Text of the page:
Mentre visualizzo la scena di John, con in mano una "scatola argentea con un'asta metallica attaccata", che si muove sul tetto come se i segnali li stesse pescando, rivedo me stesso e tanti miei compagni di ricezione in mille occasioni analoghe, sotto lo sguardo di compatimento degli eventuali astanti. Nessuno che capica mai una sega... John invece capisce tutto: "in its slightly marginalized way, shortwave radio forever proposes this romantic lesson: Don't stop looking."
Waging a tiny rebellion via shortwave radio
By John Vinocur
Published: February 8, 2008
MAUNDAY'S BAY, Anguilla: The kid has a sharp eye. Look, mom, he says, pointing, there's a crazy-man on that roof. What he sees, about an hour past nightfall, is a guy on the second-floor roof-terrace of a small white building, holding what in the just-short-of-blackness probably resembles a small silvery box attached to a fishing rod.
He is facing the sea, about 30 yards distant, and moving the rod as if he were angling for something. His box has a slightly greenish glow. In the trace of light that's left, he could seem to be fiddling with one of those remote controls that power model racecars.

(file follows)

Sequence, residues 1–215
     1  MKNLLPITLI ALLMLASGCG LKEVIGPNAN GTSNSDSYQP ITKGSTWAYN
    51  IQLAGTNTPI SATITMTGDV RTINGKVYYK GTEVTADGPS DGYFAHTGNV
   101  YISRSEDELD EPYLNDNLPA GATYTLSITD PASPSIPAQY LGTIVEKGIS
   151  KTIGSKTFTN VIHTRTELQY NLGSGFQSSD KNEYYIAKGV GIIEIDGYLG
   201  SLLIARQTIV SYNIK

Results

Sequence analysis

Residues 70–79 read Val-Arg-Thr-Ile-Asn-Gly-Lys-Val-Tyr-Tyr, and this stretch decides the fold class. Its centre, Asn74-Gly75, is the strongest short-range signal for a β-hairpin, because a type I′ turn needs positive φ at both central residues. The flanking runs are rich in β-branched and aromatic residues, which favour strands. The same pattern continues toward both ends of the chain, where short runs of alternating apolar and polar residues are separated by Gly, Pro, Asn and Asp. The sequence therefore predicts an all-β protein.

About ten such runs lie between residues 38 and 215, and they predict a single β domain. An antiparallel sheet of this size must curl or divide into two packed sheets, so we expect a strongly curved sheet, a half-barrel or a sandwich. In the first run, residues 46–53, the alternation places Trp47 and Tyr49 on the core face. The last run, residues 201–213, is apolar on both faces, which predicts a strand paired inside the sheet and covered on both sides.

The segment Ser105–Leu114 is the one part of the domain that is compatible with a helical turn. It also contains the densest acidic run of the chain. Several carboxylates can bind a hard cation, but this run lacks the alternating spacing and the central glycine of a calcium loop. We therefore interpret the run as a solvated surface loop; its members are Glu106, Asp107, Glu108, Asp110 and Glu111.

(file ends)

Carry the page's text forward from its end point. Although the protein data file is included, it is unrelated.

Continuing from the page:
The guy is me, and in fact, I have a portable shortwave radio in my hands, its antenna fully extended. It's night because radio waves best propagate then. The chartreuse light comes from a tiny digital gauge indicating the frequencies. My shifting the antenna as if expecting a bite is a mostly hopeless attempt at improving reception.
A quick admission: Listening to shortwave radio in 2008 is a willfully quixotic undertaking, a tiny rebellion wadded in self-indulgent romanticism. If I had a laptop on this small Caribbean island, or at home in Paris, and really wanted at 2330 GMT to hear the Voice of the Islamic Republic of Iran, or the BBC, I could surely get them, clear and steady, streamed via the Internet from their Web sites.
I don't. The glory of shortwave radio for me is exactly its nonmechanistic uncertainty.
(continua, ne vale la pena)